The classic Mel Brooks comedy Blazing Saddles was released 40 years ago today, well before most of us were born, so when you’re done reading this, you can call your dad and remind him just how old he really is. Today’s so-called spoof directors could clearly learn a thing or 10,000 from one of the genre’s forefathers, Mel Brooks, because there isn’t a hilarious joke idea in Aaron Seltzer’s or Jason Friedberg’s brains that could still make people cry from laughter 40 years from now the same way that “Excuse me while I whip this out” still makes me smile like an asshole.
Blazing Saddles is arguably Mel’s finest film, and I know that a lot of people will say that the honor should go to Young Frankenstein or History of the World Pt. 1, and the 80s kids like myself might even build a strong case for Spaceballs, but Blazing Saddles created the foundation for so many of Mel’s best jokes and running gags. That’s why this film is such an incredible classic, because it has spanned five decades, made so many countless people laugh, and even inspired today’s comedy writers to at least try to recapture the same comedy magic.
One of the long-running arguments about Blazing Saddles, though, is whether or not it could be made today. I say no. Hell, Mel Brooks said no. I don’t think it’s because we can’t handle the edgy humor or the excessive use of racial epithets, as much as I don’t think there are many people who can pull it off the way that Brooks and his cast did. The biggest problem with the modern spoof genre is that a couple of schmucks like SetzBerg could come up with the funniest joke in the world – the opposite of that terrible clown joke – and it still won’t be funny to most of us, because they’d have inexperienced, “I’m here for the paycheck and IMDB credit” actors half-assing it.
Brooks had the advantage of working with awesome actors who possessed the timing required to make great jokes even better than they came across on paper. It starred Cleavon Little, whose performance as Bart was as magnificent as it was flawless, and I’d love to see any 10 actors try to even come close to his charisma and comic timing today. And it helps that Blazing Saddles, a film that pulls no punches on satirizing every race and nationality, was written by several Jewish men and Richard Pryor. I’d love to see today’s writers try to execute some of Brooks’s and Pryor’s jokes. My guess is they’d fail and hide behind BS accusations that the audience and critics are too thin-skinned or PC, and we “just don’t get it.”
This is the Internet era, though, and if there’s one thing we all know, it’s that the Internet is a terrible place full of terrible people who don’t have senses of humor. They don’t understand parody and the use of racism as a tool to mock racists. There’s very little doubt in my mind that this film’s absolute absence of political correctness would cause the Internet to spontaneously combust with shock and self-righteousness. Hell, I’m shocked that brand new DVDs of this film don’t come with a numbered, limited edition, hand-written note from a YouTube commenter telling you that he’s going to kick your ass right after he bangs your mom.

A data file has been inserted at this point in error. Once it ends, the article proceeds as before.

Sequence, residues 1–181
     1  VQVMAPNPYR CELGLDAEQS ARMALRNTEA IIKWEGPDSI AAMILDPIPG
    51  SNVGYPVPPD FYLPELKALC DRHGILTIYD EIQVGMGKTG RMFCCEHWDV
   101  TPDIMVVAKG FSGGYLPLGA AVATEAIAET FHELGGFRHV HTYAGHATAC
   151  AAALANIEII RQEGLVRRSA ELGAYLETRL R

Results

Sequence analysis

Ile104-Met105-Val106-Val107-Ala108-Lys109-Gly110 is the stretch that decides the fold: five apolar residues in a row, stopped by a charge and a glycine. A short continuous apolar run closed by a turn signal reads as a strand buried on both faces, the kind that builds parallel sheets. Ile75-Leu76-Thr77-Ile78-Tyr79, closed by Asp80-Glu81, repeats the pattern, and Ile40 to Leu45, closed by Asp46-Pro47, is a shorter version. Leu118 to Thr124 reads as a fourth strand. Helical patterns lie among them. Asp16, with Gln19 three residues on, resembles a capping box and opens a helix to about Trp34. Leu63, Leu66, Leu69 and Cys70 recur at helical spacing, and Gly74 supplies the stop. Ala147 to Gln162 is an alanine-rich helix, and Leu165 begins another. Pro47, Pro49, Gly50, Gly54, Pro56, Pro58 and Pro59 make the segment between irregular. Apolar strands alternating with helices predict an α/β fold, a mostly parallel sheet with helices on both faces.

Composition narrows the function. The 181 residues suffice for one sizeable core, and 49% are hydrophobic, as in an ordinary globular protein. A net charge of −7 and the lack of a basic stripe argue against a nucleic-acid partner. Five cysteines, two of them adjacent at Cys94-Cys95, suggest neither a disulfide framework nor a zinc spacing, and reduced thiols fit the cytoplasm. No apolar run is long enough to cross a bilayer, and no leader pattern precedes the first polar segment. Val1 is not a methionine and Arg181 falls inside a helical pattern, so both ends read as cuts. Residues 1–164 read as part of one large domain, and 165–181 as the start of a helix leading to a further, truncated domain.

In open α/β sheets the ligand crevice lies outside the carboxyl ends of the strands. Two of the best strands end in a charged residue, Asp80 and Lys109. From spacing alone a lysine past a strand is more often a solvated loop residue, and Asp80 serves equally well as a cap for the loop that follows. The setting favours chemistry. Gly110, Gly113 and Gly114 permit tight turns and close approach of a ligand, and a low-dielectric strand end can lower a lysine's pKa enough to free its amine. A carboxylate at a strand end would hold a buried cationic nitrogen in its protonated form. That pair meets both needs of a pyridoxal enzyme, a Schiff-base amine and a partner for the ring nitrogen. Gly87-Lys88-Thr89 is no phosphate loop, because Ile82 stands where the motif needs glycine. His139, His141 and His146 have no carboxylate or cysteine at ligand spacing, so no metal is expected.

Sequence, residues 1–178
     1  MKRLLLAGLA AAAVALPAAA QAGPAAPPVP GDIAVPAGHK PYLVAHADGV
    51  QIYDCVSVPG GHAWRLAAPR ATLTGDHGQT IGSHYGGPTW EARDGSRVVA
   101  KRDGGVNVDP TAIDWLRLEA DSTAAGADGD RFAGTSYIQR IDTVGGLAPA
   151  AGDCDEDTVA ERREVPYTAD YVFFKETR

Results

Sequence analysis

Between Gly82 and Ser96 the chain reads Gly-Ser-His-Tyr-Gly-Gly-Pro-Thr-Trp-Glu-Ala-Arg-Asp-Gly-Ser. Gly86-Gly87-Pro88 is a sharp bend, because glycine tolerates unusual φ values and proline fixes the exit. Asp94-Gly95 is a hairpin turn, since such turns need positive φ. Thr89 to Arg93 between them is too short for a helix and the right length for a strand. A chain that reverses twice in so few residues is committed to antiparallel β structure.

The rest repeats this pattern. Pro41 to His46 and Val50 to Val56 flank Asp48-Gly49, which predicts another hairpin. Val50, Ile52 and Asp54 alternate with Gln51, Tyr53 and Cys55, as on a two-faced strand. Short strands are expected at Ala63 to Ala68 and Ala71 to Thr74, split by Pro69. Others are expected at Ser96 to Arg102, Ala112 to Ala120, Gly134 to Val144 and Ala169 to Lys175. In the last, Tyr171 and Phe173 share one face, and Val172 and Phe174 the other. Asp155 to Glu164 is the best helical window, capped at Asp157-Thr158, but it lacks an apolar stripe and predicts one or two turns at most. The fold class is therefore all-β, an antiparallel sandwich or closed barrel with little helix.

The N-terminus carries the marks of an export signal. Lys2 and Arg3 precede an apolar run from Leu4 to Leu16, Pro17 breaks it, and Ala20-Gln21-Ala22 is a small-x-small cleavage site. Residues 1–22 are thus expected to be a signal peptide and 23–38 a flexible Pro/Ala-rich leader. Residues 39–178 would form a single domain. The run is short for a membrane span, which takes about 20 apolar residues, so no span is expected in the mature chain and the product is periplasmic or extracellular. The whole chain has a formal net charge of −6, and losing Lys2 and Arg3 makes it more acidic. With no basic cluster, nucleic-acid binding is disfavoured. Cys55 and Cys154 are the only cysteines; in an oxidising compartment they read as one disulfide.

Today, we celebrate the legacy of this film’s incredible humor and gigantic balls by remembering the jokes that couldn’t be made today, mainly because they don’t ever need to be made again. Fortunately, Mel Brooks got them all right the first time.
1) The Entire Opening Scene
Here’s how I know that this entire opening scene would be absolutely shredded, torched and buried in a 50-foot grave if someone tried to include it in a movie today – the second that Lyle refers to the Chinese worker by the terrible C-word, I looked at my dog like, “Can you believe he just said that?” And that’s just the first of several racist jokes that would have made people in 2014 implode. Hell, Taggart calling his men the awful F-word would have had people lobbying to make sure Slim Pickens never worked again.
2) “You spare the women?”
At first, the worst line of this scene seems to be when Taggart suggests that in order to run everybody out of Rock Ridge, “We’ll kill the first born male child in every household” and Hedley Lamarr says that his idea is “Too Jewish.” But then Taggart suggests running the “No. 6” as the plan, and the result of that would probably get people calling for my head just for writing it out.
3) “Harrumph! Harrumph! Harrumph!”
Calling the Native Americans “little red devils”? Mocking sexual harassment in the workplace, and by a government official, too? Making fun of an already-litigious actress? Not taking a hard enough stance against the ineptitude of modern politicians as portrayed by the equally corrupt politicians of America’s formative years? This scene has everything that today’s Debbie Downers would love to pick to pieces.
4) “Pay heed to this good book and what it has to say!”
I honestly can’t and don’t even want to picture what would happen if someone shot a hole in the Bible in a movie today.
5) “You know… morons.”
What makes this movie so special, hilarious and all-around great is not only the acting by Little and Gene Wilder, but also the fact that it mocks every aspect of the bigotry of American history with such simplicity. Even the white guy knows how stupid the other white people are acting. But today, that’s known as white guilt.
As for the stars and their performances, and how well they were able to deliver this crude humor so well, I refuse to believe that Little’s laugh wasn’t authentic in this scene.